In a picturesque Gunma hot spring village called Shima Onsen, ryokan Sekizenkan is located deep in a pine forest and beloved by many prominent in the past and present. There are both indoor and outdoor baths to provide their guests with total relaxation. The hotel is so beautiful that it was one of the inspirations for Ghibli movie ‘Spirited Away’. It is also known for having some of the purest hot spring water in the country. They even call the water “the cure for 40.000 illnesses”, which is how healthy this mineral-rich salty-tasting water is. In fact, it is so clean that you can indulge in an activity called ‘Shio no Yu Insenjo’, which means ‘drinking hot spring water’. While it may taste a bit strange, just like the famous spring water in the Czech city Karlovy Vary, it is said to have healing properties.

Sekizenkan homepage: https://www.sekizenkan.co.jp/en/


While the word ‘onsen’ refers to natural hot springs found near Japan’s volcanic zones, a sento is typically a man-made spa. The Onsen Laws of Japan govern and protect onsen, and there are numerous requirements that must be met before it can be called an onsen. Public hot baths that are not onsen because their water doesn’t originate from real hot springs are called sento. These establishments used to be regularly frequented by the many people who didn’t have a bathroom in their small apartments, but even nowadays when nearly all apartments and homes have their own bath area, some people still prefer communal bathing in small neighborhood sento. Small sento can be found all over Japan if you know what to look for. The hiragana ‘ゆ’ on a noren curtain in front is often a good giveaway. Especially in these smaller neighborhood sento it is important to adhere to the local bathing etiquette, as is also shown in episode 8 of Thermae Romae Novae.

There are also so-called super sento, which are more like onsen theme parks than a quiet bathing experience. These are very large sento complexes with not only many different baths indoor as well as outdoor but also several saunas, different on-site restaurants, massage services, and even entertainment areas. The latter usually offer arcade games and old-fashioned fun fair-style games like shateki (the shooting game) and catching small gold fish or toys with a paper catcher. There are also many vending machines throughout the complex selling delicious fatty milk and even the same fruit milk that Lucius tries when he is in Japan and gets impressed by. Drinking milk after bathing to replenish your fluids is a great idea! Super sento are fun for the whole family, and can usually be found in or near large cities. One of the super sento we recommend is Ooedo Onsen Monogatari Urayasu Mangekyo near Tokyo.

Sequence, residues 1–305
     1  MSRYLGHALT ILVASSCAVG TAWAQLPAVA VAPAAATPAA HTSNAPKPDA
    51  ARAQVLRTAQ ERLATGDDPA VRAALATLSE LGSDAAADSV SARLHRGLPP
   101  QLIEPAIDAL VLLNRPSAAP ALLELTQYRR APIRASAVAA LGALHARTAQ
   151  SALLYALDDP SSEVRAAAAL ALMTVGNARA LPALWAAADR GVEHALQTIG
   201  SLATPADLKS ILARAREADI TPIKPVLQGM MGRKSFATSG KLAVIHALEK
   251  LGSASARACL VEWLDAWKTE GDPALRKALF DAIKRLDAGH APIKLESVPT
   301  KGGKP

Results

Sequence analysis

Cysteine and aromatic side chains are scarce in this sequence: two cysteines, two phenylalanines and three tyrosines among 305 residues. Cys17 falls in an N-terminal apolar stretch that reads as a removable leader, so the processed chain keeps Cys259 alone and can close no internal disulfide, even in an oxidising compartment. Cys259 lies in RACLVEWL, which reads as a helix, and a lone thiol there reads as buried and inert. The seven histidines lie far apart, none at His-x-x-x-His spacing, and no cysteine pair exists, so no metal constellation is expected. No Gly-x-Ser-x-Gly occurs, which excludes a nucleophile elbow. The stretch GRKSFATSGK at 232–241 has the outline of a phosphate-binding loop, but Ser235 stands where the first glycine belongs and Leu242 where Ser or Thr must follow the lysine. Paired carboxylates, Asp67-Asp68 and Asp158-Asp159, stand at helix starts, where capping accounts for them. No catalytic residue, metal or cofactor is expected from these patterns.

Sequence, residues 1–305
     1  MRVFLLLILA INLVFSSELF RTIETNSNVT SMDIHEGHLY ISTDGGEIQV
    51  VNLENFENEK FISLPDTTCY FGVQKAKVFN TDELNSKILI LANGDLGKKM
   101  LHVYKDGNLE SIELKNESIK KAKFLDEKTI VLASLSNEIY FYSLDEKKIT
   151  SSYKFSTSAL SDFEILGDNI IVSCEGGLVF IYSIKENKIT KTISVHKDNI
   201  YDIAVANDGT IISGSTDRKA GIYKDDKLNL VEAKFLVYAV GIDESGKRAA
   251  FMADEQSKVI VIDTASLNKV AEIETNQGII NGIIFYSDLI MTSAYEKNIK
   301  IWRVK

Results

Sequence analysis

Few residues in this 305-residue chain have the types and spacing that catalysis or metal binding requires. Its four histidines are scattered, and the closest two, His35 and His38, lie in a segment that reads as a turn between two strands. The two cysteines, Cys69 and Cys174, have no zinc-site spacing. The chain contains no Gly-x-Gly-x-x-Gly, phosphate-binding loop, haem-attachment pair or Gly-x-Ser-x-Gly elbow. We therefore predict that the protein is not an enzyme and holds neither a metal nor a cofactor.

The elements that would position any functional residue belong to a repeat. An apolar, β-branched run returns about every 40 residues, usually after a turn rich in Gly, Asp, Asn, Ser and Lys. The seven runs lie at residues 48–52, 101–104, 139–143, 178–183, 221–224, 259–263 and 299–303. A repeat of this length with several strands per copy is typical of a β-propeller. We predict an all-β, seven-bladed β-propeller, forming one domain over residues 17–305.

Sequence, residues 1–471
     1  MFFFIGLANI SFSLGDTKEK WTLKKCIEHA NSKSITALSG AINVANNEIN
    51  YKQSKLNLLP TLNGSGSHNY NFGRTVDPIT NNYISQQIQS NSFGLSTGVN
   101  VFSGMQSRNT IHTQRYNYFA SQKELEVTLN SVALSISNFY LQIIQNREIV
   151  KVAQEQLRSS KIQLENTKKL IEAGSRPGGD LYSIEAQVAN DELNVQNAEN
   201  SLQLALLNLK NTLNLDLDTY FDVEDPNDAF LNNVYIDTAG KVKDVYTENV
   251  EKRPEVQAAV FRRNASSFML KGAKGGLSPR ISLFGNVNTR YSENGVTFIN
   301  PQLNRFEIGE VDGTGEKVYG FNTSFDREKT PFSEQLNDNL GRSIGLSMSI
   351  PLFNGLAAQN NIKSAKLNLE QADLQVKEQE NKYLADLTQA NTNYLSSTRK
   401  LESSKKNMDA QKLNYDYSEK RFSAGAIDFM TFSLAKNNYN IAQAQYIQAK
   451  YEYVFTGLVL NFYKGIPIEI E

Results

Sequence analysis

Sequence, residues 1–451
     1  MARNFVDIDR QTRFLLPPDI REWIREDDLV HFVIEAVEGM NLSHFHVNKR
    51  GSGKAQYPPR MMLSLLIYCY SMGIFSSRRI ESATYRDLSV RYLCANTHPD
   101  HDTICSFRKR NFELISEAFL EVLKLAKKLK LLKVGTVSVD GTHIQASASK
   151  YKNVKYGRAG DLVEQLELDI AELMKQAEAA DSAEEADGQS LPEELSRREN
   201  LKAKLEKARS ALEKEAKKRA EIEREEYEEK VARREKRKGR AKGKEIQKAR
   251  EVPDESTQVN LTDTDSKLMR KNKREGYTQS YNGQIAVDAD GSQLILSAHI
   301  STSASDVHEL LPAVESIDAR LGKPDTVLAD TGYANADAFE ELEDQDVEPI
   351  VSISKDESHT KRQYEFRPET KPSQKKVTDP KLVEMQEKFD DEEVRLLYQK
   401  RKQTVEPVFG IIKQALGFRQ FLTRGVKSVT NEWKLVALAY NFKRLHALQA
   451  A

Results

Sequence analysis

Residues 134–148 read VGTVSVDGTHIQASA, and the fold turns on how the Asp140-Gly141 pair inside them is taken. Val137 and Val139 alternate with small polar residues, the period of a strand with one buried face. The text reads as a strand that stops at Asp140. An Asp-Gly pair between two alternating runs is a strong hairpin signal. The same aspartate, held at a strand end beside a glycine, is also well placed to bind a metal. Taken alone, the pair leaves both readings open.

Ooedo Onsen Monogatari Urayasu Mangekyo homepage: https://urayasu.ooedoonsen.jp/news/4340

Snow Monkeys

Do you remember the cute red-faced monkeys that show up in several episodes? There are actual bathing monkeys in Japan, to see them you need to travel to Nagano. These Japanese Macaques are also known as the Snow Monkeys, as they prefer to bathe during the cold winter season while surrounded by snow. Just like their human counterparts, they love to stretch out and relax in the natural hot springs in Nagano’s mountains, especially when it is cold so they can warm up their chilly bodies before going to sleep or becoming active. 

snow monkey

Traveling in Japan

Taking an intensely relaxing bath in an onsen or sento, especially after having physically exerted yourself, is one of the many must-do’s for any Japan itinerary. There are many other amazing things to see and do in Japan, and it can indeed be hard to know where to start when you are building a program for your Japan trip.

One thing is for sure, doing a private or group tour with a local guide is always a good idea. We organize group tours as well as private tours in cities like Tokyo, Kyoto, Osaka, Hiroshima, and more. Check out all the tours we offer before you come to Japan for inspiration and book your favorite one(s)!

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Happy traveling!

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Stefanie Akkerman moved from the Netherlands to Japan in 2013 with her Japanese husband and son. She jumped into the niche of Dutch tour guiding in Tokyo and Kamakura in 2015 and occasionally writes articles about all the great sights and activities Japan has to offer. She loves (Japanese) food, and to work that all off she goes diving, snorkeling, cycling, or hiking.